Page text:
I’m a good listener, which is a gift and a curse. The gift is I can laser in on the thing everyone yearns for—attention and to be understood. The curse is that… I might end up listening to your endless monologue. Because there are some people who talk too much.
So even though I am a good listener, I don’t give all my time away to attention-craving vampires who want to suck my soul from my-
-wait… I might be exaggerating there, but there’s not much difference when you’re actually caught in a diatribe about the latest this, that, or whatever the hell it is that seems so important to you and therefore me by default…
The mirror neurons, talking too much, and empathy
Let’s start again. Humans are unlike any other animal in how well we empathize with each other. We gain a strikingly accurate sense of how someone’s feeling, almost as if we were them. This seems to be due to the function of ‘mirror neurons’ in the brain.
The idea is, due to mirror neurons, I simply look at your facial expression and body language and roughly gauge what you likely experience as if I were you. So this allows for very intricate connections between people during an interaction *you’d think people would also be able to tell when they speak too long…*
Note: people with autism are more likely to be unsure of how to interpret what the other person might be feeling just by clocking their responses, though they may feel that person’s energies intensely.
But you could also just be a chatterbox who loves to talk, and talk, and talk… zzzzz.
Okay, but is a chatterbox such a bad thing?
I’m awake again… Often you don’t miss what you had until it’s gone. Chances are if someone likes talking with you, they like and trust you. So, getting paranoid about them and making them into ‘the bad person’ *like that grey donkey from Shrek* might not be such a great thing.
Say you had a friend who was really chatty. Way more chatty than you naturally are. If you just stopped replying to them or started being rude, they might straight up get offended and stop hanging out with you. Later, you might end up realizing that despite the extreme talking in your ear, you actually really enjoyed being around them.
But sometimes people talk in a way that feels overbearing, as if they try to dominate or control you in some way. This type of relationship isn’t worth it and remove myself from those people or dealing with them leads to a 1000% improvement. The question is how do you deal with that person without it blowing up in your face?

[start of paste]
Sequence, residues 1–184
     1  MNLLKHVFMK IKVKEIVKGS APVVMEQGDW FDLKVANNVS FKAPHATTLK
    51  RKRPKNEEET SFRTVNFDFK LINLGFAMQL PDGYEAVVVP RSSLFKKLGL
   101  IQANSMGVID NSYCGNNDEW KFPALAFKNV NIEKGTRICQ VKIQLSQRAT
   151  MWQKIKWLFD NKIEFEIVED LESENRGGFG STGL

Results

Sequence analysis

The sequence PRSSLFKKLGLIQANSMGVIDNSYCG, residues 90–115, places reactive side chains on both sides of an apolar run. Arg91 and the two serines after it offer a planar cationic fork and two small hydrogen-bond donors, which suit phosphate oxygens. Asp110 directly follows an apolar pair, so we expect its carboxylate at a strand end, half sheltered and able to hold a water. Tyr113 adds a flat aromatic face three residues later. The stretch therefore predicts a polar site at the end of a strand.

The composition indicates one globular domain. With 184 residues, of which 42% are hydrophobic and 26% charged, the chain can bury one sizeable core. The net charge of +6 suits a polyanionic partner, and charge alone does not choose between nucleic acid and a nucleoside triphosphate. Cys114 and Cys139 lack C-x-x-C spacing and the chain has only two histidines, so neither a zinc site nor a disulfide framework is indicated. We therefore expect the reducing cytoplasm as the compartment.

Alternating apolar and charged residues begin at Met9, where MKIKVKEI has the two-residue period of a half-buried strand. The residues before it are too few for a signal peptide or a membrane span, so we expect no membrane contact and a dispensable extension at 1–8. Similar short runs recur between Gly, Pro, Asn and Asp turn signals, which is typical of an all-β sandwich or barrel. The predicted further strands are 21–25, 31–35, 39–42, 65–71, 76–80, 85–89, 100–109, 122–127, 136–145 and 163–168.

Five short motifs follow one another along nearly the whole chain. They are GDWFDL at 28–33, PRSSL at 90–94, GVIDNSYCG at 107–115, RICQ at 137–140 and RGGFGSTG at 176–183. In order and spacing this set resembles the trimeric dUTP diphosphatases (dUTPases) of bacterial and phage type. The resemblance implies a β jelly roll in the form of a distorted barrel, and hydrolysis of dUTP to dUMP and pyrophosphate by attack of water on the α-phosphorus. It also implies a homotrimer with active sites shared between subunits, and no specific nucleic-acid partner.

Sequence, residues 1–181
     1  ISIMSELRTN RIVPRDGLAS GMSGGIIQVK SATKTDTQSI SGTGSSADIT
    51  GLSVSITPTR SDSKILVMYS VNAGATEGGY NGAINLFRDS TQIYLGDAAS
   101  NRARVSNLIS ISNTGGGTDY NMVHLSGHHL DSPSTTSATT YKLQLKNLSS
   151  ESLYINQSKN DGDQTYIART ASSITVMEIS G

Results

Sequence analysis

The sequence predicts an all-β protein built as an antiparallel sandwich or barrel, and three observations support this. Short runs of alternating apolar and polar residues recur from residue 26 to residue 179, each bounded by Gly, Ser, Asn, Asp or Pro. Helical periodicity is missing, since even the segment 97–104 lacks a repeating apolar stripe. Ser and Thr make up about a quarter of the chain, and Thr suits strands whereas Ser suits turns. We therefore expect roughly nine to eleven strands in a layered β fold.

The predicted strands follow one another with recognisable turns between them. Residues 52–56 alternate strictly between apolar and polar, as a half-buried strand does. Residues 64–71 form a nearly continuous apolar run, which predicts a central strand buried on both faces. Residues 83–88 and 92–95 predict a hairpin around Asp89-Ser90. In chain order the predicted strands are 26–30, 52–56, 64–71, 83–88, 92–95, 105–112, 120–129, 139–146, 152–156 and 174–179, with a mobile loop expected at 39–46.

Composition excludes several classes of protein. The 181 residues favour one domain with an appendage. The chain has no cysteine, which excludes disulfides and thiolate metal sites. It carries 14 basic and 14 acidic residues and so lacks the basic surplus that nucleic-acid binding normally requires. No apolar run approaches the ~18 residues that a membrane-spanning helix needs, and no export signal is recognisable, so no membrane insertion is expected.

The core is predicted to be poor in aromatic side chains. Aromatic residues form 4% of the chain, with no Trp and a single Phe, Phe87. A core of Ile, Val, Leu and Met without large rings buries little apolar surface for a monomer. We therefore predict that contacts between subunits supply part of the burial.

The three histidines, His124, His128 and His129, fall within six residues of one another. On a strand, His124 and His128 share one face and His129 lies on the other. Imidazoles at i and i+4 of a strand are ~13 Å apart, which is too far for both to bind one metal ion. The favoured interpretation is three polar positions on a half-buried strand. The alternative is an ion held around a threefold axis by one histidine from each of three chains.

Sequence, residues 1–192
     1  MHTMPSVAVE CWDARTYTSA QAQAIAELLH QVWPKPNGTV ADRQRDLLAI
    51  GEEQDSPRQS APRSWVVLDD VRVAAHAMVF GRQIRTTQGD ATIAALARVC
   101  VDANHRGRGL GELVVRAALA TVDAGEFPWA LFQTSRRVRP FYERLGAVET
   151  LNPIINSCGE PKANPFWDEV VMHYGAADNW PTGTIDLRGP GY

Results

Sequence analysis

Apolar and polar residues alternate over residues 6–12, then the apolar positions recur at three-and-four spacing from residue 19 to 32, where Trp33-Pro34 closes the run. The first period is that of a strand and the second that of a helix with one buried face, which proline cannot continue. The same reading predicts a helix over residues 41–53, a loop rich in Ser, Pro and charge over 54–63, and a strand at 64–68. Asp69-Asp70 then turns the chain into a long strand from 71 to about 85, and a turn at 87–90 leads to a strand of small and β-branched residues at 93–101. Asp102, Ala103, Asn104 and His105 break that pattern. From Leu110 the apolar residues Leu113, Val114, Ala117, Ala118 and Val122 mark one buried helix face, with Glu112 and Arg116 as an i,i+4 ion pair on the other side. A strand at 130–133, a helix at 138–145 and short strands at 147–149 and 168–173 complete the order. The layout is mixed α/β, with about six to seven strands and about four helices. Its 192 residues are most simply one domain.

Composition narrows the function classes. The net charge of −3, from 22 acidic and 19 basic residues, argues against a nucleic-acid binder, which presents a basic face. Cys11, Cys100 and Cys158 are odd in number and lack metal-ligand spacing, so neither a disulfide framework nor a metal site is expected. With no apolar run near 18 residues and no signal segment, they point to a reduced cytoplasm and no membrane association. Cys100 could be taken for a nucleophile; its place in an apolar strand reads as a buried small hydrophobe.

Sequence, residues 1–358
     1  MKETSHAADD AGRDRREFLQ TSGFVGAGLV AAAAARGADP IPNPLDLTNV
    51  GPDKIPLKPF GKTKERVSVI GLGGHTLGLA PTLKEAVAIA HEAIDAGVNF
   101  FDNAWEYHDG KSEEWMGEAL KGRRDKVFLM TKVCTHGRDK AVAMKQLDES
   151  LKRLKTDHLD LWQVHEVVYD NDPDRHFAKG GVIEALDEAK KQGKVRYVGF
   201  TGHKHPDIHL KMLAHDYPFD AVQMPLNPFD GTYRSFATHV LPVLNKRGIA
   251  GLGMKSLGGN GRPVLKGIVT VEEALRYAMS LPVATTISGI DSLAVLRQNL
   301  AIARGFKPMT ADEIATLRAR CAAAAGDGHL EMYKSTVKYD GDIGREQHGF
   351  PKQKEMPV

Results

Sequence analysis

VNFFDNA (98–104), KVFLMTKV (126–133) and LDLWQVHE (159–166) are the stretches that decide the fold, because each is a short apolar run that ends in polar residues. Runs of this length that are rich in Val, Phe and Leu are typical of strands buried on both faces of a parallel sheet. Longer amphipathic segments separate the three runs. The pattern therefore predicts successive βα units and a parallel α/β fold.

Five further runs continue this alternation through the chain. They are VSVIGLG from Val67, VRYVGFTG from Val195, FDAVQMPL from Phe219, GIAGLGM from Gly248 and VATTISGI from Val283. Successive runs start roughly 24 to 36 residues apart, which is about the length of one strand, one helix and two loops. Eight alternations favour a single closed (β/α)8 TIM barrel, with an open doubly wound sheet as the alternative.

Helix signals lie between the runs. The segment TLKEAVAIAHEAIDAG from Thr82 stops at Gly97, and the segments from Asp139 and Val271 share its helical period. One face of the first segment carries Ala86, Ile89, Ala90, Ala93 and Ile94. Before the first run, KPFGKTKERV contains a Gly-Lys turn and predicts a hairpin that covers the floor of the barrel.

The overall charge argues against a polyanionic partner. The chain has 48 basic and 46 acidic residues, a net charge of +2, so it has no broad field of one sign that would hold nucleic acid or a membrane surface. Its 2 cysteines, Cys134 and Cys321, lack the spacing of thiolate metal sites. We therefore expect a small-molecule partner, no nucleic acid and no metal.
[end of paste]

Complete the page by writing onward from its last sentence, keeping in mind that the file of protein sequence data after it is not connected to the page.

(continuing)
The people who talk too much
Well, first we need to dive into the reasons why someone might chat LOAADSSS… you know like the saying says—seek to understand first, then to be understood.
#1 They may be a raving lunatic extrovert. This just is what it is. Introversion and extroversion, in the clinical psychology world, are social science based descriptions of personality. Some people like to talk, man. It amps them up, get them excited about life, and gives them energy.
Meanwhile, for others it becomes tiring if overdone. An extremely chatty person could be on the extreme end of extroversion.
#2 They may be narcissistic. To be honest, everyone likes to talk about themselves but most have enough common sense to limit it. If a person seems to make themselves the subject of every conversation they may just be self-indulgent.
#3 They may be very articulate. Being able to think and string accurate words quickly is a skill. It’s also a very powerful tool and potential weapon. When you know you express yourself exceedingly well, the question becomes ‘why not do that a lot and influence circumstances?’ Some people have this skill down pat.
#4 They may be insecure. Stillness, quiet, solitude, meditation, silence, arghhhh!! When you’re not talking or being exposed to stimulus, your thoughts and feelings quickly flood you. We often suppress negative feelings with food, entertainment, and other distractions.
#5 They may have underdeveloped listening skills. A lot of people I’ve come across who talk overbearingly don’t like to listen. This isn’t to say that they aren’t astute observers of the world. They may just gain their information through gauging reactions and having verbal combat.
#6 They may be under stress. We live in an unprecedentedly busy world. There is so much noise and stimulus that we don’t always get time to even think and decompress our reality.
To top that, when you’re dealing with a lot of chaos and challenges, it can be a ton of mental data to break down and make sense of. And maybe your way of doing that is to talk it through.
#7 They may be nervous around you. Say you’ve got a crush on someone, admire them highly, or still developing your social skills. In these cases, you’re more likely to make social faux pas.
You feel a need to cover awkward silences with mindless chatter. In many ways, this is a sign of empathy. So, when somebody talks a lot when they you talk to you, take a step back and think about the effect you might have on them.
#8 They may be jealous of you. It’s like the envious father who bears down on the unusual child: ‘no, this is the way you’re supposed to look at things…’ That kind of assertion of the status quo can be an effort to minimize you as a threat or competition—to not change things.
#9 They may just not like you. Sometimes you just can’t bear to hear someone speak to you because you know you… won’t… like… what… they… say. One way of stopping this is to just speak first and forcefully, so the other person doesn’t get a chance to find their rhythm.
#10 They may want to hold power and control. When you speak, the most it gives you is more opportunity to influence a situation or person. This is especially true when people actively listen to you and respond affirmatively.